Foosball and flexibility: 1Berkshire seminar explores ways companies can attract, keep millennials
Photo Gallery | 1Berkshire seminar on attracting millennials to the workforce
PITTSFIELD — Two Berkshire businesses cook food on grills to relate to their younger employees. Another firm has ping pong and foosball tables.
Unorthodox? Definitely. But these examples were cited by the executives of three local companies as ways to attract and retain employees of the millennial generation to the Berkshires.
Strategies, methods and ideas regarding this topic were discussed Wednesday as 1Berkshire hosted a seminar titled "Our Next B.I.G. idea: Understanding the Future of Work and How to Attract and Retain Millennials" at the Colonial Theatre.
The Berkshire Initiative for Growth (B.I.G.), a 1Berkshire subsidiary, held the event in conjunction with Live in the Grey, a New York City-based firm with expertise on workplace cultures. A total of 130 participants pre-registered for Wednesday's event, according to 1Berkshire. There were also several walk-ins.
B.I.G. was formed with 30 shareholders two years ago to address Berkshire population loss, particularly among people in the 22-to-40 age group, said 1Berkshire COO Jonathan Butler.
"In 2015, millennials passed baby boomers as the largest generation in the country," Butler said.
B.I.G. coalition member John Bissell said the Berkshires have always done an exceptional job attracting visitors to the area, but now need to devote those same areas to attracting employees. Wednesday's event was the beginning of those efforts, he added,
"I'd like to look back at this day in five years and say this was the day when we changed things," said Bissell, who is also the president and CEO of Greylock Federal Credit Union.
"Both recruiting and retaining young people is one our biggest challenges," Bissell said, "but it's also a tremendous opportunity.
"We believe at B.I.G. that this decline is totally reversible," he added.
In 2014, the Pew Research Center identified "adult millennials" as being between the ages of 18 and 33, meaning they were born between 1981 and 1996. The youngest millennials are "still in their teens" with "no chronological end point set for them yet," according to Pew. Other studies list the range for millennials from as young as 12 and as old as 40.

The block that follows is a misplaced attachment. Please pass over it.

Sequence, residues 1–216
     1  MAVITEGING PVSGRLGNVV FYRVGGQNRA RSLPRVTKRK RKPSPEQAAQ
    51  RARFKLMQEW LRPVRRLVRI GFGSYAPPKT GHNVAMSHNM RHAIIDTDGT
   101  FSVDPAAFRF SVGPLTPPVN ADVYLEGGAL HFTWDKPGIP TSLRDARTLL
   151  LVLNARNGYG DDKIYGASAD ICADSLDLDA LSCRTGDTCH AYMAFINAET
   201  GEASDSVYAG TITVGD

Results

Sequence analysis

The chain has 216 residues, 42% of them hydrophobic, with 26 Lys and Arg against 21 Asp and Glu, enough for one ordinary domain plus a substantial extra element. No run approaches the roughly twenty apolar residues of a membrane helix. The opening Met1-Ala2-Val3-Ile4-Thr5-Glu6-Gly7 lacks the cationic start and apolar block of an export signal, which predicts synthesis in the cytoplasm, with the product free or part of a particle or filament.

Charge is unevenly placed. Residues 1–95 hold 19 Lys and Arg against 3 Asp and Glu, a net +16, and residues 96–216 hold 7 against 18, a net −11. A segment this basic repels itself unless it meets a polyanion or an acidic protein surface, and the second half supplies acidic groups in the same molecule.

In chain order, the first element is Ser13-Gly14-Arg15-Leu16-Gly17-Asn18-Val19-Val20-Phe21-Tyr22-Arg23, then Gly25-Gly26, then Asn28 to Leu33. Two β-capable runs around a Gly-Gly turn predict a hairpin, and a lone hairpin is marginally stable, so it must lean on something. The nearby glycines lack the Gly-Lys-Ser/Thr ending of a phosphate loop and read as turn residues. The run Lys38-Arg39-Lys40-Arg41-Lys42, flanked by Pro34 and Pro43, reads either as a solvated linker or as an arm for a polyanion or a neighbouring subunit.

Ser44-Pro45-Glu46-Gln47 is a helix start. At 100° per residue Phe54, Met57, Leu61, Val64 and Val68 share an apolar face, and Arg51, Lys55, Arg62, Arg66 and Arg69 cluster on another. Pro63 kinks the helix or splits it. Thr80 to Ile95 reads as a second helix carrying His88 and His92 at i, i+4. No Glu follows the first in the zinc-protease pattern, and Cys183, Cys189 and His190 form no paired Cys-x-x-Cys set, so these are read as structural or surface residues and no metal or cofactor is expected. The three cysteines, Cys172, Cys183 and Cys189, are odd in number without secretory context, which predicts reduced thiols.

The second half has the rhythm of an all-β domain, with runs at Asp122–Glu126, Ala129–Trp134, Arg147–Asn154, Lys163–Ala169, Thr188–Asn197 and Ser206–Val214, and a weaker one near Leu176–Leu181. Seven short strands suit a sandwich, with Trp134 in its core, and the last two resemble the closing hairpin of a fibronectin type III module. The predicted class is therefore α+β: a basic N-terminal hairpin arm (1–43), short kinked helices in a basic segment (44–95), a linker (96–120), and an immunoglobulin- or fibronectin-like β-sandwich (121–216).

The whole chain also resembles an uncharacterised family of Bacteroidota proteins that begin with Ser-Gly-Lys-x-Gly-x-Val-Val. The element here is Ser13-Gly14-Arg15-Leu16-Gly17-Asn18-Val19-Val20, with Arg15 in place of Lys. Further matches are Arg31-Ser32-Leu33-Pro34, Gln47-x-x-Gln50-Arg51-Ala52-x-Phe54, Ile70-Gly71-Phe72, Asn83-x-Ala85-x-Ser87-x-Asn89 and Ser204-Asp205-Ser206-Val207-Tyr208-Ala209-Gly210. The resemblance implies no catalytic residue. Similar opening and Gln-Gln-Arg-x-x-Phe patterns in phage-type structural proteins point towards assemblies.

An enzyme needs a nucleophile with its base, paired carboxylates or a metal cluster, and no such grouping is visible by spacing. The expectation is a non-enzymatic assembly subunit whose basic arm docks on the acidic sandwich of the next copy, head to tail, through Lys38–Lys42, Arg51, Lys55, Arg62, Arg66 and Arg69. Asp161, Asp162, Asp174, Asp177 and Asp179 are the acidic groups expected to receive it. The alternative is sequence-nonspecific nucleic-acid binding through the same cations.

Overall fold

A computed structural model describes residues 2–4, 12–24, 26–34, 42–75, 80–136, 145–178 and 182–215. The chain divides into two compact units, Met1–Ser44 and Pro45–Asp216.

Also known as Generation Y or the Net Generation, millennials are expected to make up 75 percent of the American workforce by 2025, according to Live in the Grey CEO Brad Lande.
"We are at the epicenter of an amazing transformation," Lande said on Wednesday.
Lande said millennials "crave" a work-life balance that differs from the goals of previous generations. That workplace, as defined by Live in the Grey, includes work that leaves employees "connected, impactful and fulfilled," he said.
"Seventy-two percent of millennials rate a job where they can make a difference as a key to their future happiness," Lande said.
He said 71 percent of millennials want their co-workers to be like a "second family."
"A lot of jobs don't do this," Lande said.
Three Berkshire executives: Patricia Begrowicz of Onyx Specialty Papers, Nate Winstanley of Winstanley Associates and Wayne Marzotto of General Dynamics Advanced Information Systems, participated in a panel discussion with Live in the Grey's Chief Experience Officer Kate Bednarski regarding methods that they use to retain and attract millennials.
All three said their companies have a significant number of young employees. Begrowicz said the majority of Onyx's millennials are blue collar employees.
"One thing we've seen at General Dynamics is that some millennials want to be valued as individuals," Marzotto said. "We try and embrace that."
Winstanley and Begrowicz said their firms have grills, while Marzotto said General Dynamics used ping pong and foosball tables to help keep its younger employees engaged. General Dynamics also has a flexible work schedule that requires employees to work nine-hour days so they can have every other Friday off.
Onyx has a mentorship program, Begrowicz said, and provides tickets for employees to local theaters and Red Sox and Bruins games.
The four sets of the company's Red Sox tickets are given out in "pairs" Begrowicz said so that employees can talk with each other during the games.
In answer to a question from the audience, Marzotto said General Dynamics recruits mostly in the Northeast because "it's tough to bring people to the Berkshires."
He said General Dynamics also has an attrition rate in Pittsfield.
"We're fighting that," he said.
Contact Tony Dobrowolski at 413-496-6224.
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